It is impossible to know what that is like, but we can imagine at least a little. It might feel a lot like guilt. For example, sometimes we get into trouble and, while our circumstances annoy us, the thing that truly tortures us is knowing that it is our own fault. How much better would everything be if this had all been avoided? Sometimes we do something wrong and have no one to blame but ourselves. Knowing that the consequences are of our own making makes them worse.
Now let’s think further. It is bad enough dealing with the consequences of our own sin. That much guilt is usually enough for any of us. What if we had to bear the sins of the world on our shoulders while dying that slow, painful death?
By all available accounts, Christ’s time on the cross was less than many who died in that same manner. Sometimes it took a few days for the crucified victim to expire. Christ died in a matter of hours. But no one before or since has had to bear more than their own sin. The physical torture was bad enough, but the psychological and spiritual anguish was much, much worse. Yet Christ was determined to walk it through to the end. And he did that out of love for us.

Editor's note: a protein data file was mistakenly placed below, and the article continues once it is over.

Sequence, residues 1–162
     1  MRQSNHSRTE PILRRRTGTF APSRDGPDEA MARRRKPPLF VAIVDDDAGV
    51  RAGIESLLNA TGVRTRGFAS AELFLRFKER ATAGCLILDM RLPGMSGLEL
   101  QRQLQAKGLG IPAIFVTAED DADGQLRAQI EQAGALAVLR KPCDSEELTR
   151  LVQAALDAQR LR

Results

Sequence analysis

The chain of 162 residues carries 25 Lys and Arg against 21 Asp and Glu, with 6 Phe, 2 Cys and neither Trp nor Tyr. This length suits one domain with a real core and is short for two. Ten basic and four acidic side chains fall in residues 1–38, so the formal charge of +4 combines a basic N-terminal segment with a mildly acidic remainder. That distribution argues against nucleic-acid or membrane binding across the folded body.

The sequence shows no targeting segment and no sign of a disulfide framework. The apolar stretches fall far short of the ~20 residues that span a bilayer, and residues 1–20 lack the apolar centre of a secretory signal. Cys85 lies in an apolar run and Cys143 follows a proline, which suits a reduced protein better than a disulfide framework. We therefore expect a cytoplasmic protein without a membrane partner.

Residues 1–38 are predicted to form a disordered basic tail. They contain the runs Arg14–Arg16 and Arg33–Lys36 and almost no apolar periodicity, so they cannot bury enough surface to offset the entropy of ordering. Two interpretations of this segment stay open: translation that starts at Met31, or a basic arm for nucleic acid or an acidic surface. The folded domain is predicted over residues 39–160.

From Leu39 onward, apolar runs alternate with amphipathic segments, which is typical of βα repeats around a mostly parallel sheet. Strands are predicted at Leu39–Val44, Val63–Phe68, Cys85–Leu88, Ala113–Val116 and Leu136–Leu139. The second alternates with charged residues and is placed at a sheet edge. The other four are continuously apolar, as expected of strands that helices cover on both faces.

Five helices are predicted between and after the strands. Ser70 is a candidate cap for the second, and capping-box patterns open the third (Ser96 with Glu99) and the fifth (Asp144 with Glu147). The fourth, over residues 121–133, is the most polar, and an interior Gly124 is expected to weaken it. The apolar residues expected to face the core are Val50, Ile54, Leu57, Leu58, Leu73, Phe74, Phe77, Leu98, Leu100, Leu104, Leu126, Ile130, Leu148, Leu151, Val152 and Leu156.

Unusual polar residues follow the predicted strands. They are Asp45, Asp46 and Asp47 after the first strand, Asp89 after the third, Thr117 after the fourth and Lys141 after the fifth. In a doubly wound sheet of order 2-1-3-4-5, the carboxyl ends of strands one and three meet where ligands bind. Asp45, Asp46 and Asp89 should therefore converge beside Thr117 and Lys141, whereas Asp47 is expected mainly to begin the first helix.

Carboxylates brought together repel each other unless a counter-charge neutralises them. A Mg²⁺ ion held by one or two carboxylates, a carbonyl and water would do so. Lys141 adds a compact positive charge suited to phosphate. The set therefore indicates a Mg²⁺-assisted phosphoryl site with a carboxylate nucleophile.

It was there in Gethsemane that the prayer, “Remove this cup from me. Yet not what I will, but what you will,” was answered. It was answered when the Father simply said no. Jesus was okay with that. He understood what was necessary for us to be saved. He knew the cross was only the first step toward resurrection. He knew that if he shared in our death, and shared in our sin, we would share in his life forever more.